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A multi-phase assessment of the effects of COVID-19 on food systems and rural livelihoods in Ethiopia: The case of Fogera Plain

Written by: Dawit Alemu

The COVID-19 pandemic has not only led to the loss of human life and resulted in an unprecedented challenge to public health, but has also seriously affected food systems and work opportunities. Following the confirmation of the first COVID-19 case in Ethiopia on 13 March 2020, and concerns about the sharp increase in cases, the federal government put in place different measures to prevent and control the pandemic that have affected the food system and rural livelihoods. This blog reflects on the findings of APRA’s Multi-Phase Assessment of the Effects of COVID-19 on Food Systems and Rural Livelihoods in Ethiopia: The Case of Fogera Plain, which presents the characteristics and awareness of the country’s different public measures, the responses to these measures, their effect on farming and marketing, food and nutritional security on smallholders, and perceived/self-assessed household level of poverty, drawing on primary data generated from three rounds of surveys and key informant interviews of rice farmers and other actors in the Fogera Plain of Ethiopia.


COVID-19 preventive and control measures and awareness

In general, the measures can be categorised into three phases: (i) the five-month State of Emergency, from April to September 2020; (ii) the period of implementation of the directive issued for the prevention and control of the COVID-19 pandemic in October 2020; and (iii) the period from November 2020 when some relaxation of the restrictions began. Overall, rice farmers from the study area were aware of COVID-19 threats, and prevention and control guidelines over the three rounds of the survey, specifically those measures related with the State of Emergency (April 2020), the enacted directive (October 2020), and the adjusted directive.

Responses to the threat of COVID-19

The results indicate that many respondents remained sceptical about the seriousness of the outbreak and compliance with government guidelines continued to be very limited – mainly due to a limited understanding of the danger of COVID-19, limited access and capacity to buy required inputs (sanitiser, masks), and a lack of regulatory measures to enforce the guidelines.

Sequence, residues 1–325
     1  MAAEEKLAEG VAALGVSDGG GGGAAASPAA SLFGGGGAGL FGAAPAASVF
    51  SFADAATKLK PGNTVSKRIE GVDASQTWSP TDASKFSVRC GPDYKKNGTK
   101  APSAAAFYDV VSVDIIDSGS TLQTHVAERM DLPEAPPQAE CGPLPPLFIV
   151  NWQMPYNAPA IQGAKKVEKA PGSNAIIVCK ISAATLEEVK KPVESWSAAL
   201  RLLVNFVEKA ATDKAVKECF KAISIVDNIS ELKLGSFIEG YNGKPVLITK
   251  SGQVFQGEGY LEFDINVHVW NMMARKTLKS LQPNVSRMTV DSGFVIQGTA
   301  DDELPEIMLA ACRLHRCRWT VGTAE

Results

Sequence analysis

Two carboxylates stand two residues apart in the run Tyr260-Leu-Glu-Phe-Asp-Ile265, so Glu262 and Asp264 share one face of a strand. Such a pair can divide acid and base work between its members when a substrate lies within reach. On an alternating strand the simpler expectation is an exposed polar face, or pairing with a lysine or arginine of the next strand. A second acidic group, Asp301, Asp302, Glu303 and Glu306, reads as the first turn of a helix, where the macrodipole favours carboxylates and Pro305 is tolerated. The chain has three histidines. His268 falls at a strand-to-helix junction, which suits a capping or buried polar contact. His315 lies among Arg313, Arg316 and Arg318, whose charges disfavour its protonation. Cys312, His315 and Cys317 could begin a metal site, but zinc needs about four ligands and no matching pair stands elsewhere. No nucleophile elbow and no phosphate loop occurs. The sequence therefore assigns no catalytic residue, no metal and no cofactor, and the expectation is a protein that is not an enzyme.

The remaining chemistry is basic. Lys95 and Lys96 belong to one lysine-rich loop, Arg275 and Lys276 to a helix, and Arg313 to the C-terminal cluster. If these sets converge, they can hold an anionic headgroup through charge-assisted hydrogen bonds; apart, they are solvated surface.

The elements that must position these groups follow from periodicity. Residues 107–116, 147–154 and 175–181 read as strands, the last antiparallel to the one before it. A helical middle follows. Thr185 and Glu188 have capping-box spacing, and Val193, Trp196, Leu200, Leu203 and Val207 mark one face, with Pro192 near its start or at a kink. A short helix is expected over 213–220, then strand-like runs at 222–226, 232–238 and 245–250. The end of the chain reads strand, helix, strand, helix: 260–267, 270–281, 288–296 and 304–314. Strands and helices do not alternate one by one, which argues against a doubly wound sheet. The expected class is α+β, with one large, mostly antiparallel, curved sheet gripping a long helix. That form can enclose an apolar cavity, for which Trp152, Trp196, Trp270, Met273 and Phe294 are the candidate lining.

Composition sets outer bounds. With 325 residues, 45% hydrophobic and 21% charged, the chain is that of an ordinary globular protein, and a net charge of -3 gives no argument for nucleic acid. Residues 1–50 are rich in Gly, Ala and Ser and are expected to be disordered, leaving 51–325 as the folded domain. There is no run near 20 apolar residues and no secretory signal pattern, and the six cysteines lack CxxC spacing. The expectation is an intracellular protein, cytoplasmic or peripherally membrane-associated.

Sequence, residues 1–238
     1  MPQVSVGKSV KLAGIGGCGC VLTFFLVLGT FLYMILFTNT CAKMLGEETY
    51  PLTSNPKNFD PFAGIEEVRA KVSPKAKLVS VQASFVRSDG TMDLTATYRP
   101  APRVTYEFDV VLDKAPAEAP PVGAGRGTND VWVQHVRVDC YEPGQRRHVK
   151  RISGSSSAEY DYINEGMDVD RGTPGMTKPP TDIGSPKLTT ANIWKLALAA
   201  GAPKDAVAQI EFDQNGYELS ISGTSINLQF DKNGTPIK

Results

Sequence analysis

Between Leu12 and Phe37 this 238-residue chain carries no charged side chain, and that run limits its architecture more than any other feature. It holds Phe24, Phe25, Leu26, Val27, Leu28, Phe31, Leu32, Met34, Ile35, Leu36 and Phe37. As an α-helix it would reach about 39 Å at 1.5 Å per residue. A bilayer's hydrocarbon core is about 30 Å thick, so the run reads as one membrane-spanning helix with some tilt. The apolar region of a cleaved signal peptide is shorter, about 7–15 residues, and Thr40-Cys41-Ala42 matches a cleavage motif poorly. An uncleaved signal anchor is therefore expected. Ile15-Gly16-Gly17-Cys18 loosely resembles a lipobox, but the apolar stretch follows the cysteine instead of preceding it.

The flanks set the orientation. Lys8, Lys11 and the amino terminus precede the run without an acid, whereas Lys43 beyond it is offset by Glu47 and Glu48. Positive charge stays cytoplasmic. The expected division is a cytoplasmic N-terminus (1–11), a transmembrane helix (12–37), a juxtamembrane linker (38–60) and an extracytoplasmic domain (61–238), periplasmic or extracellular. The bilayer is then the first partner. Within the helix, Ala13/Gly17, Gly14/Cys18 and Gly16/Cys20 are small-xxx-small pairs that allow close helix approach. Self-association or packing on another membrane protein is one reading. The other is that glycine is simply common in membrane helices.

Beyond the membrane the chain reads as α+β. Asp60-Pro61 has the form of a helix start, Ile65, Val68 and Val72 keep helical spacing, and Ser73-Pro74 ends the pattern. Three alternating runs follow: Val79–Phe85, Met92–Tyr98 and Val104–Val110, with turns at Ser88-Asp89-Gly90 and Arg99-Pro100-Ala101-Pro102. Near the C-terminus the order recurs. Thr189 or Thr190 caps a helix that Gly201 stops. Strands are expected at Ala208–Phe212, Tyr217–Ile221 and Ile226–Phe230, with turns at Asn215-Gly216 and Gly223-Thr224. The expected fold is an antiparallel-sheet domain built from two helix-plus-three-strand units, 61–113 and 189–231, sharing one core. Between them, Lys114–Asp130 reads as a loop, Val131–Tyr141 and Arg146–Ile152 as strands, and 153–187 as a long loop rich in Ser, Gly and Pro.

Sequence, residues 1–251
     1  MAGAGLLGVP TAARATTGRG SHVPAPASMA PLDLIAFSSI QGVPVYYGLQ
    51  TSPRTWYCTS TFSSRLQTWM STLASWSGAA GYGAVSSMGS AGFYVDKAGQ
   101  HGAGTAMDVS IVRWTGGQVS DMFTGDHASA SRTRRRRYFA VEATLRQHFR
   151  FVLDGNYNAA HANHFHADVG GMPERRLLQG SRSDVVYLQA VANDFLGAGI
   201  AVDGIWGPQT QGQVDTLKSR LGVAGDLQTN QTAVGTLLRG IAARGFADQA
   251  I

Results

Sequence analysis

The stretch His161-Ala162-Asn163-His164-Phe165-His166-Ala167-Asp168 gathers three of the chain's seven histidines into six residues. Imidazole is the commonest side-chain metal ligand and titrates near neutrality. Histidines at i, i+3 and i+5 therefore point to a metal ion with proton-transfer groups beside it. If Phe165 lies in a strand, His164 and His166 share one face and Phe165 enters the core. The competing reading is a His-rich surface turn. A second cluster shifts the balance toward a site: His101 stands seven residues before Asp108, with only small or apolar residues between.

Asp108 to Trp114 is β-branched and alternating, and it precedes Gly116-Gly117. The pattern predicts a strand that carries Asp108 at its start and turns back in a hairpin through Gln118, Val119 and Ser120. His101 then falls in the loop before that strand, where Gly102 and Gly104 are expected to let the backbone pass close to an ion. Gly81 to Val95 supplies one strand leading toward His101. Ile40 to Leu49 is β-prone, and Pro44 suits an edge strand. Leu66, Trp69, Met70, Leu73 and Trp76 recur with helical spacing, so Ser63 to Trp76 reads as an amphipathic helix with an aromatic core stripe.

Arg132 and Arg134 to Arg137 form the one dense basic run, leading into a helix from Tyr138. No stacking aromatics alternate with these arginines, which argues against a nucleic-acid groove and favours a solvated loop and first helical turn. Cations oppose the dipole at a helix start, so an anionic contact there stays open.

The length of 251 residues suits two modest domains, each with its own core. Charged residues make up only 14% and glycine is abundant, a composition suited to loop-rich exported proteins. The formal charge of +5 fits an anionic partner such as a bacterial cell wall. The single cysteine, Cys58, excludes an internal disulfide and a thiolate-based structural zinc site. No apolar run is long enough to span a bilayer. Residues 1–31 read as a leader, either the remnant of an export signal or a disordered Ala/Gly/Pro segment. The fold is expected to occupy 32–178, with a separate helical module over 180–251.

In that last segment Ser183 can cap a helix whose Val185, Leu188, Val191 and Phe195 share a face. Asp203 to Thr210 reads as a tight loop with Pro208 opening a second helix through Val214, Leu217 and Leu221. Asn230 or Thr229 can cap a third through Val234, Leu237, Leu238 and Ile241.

Effect of COVID-19 on farming, labour and marketing

The results indicate that agricultural activities continued to be minimally affected, whereas devastating floods, which occurred during the second round of surveys (October 2020), emerged as a more serious challenge and caused major disruption and displacement. Access to agricultural inputs remained a bottleneck, with the proportion of respondents reporting a decline in availability surging from 22% in the first round (July 2020), to 51% in the second (October 2020), and 71% in the third round (February 2021), while the number reporting an increase in input prices rose slightly from 71% to 74%, and to 87% over the three rounds.

The ability to sell produce at local and regional markets improved over time, with the proportion of respondents reporting a decline decreasing from 33% to only 6% (local markets) and from 32% to 8% (regional markets) between the first and third rounds, implying improvements in marketing opportunities linked with the relaxation of trading and movement restrictions.